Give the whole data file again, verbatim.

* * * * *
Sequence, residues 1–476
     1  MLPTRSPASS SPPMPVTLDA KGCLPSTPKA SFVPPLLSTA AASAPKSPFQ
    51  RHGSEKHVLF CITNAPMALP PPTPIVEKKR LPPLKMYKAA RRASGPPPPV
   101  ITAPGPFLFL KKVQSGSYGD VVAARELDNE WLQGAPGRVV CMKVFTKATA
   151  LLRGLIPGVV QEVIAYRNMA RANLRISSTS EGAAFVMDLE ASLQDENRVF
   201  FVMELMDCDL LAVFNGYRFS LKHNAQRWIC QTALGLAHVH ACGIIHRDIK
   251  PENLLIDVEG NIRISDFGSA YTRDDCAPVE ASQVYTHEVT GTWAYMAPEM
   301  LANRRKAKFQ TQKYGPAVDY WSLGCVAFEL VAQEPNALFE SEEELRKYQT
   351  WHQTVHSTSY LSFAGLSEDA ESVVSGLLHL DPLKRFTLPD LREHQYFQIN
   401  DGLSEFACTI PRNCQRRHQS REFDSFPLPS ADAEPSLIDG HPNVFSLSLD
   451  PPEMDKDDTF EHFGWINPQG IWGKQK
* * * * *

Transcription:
Sequence, residues 1–476
     1  MLPTRSPASS SPPMPVTLDA KGCLPSTPKA SFVPPLLSTA AASAPKSPFQ
    51  RHGSEKHVLF CITNAPMALP PPTPIVEKKR LPPLKMYKAA RRASGPPPPV
   101  ITAPGPFLFL KKVQSGSYGD VVAARELDNE WLQGAPGRVV CMKVFTKATA
   151  LLRGLIPGVV QEVIAYRNMA RANLRISSTS EGAAFVMDLE ASLQDENRVF
   201  FVMELMDCDL LAVFNGYRFS LKHNAQRWIC QTALGLAHVH ACGIIHRDIK
   251  PENLLIDVEG NIRISDFGSA YTRDDCAPVE ASQVYTHEVT GTWAYMAPEM
   301  LANRRKAKFQ TQKYGPAVDY WSLGCVAFEL VAQEPNALFE SEEELRKYQT
   351  WHQTVHSTSY LSFAGLSEDA ESVVSGLLHL DPLKRFTLPD LREHQYFQIN
   401  DGLSEFACTI PRNCQRRHQS REFDSFPLPS ADAEPSLIDG HPNVFSLSLD
   451  PPEMDKDDTF EHFGWINPQG IWGKQK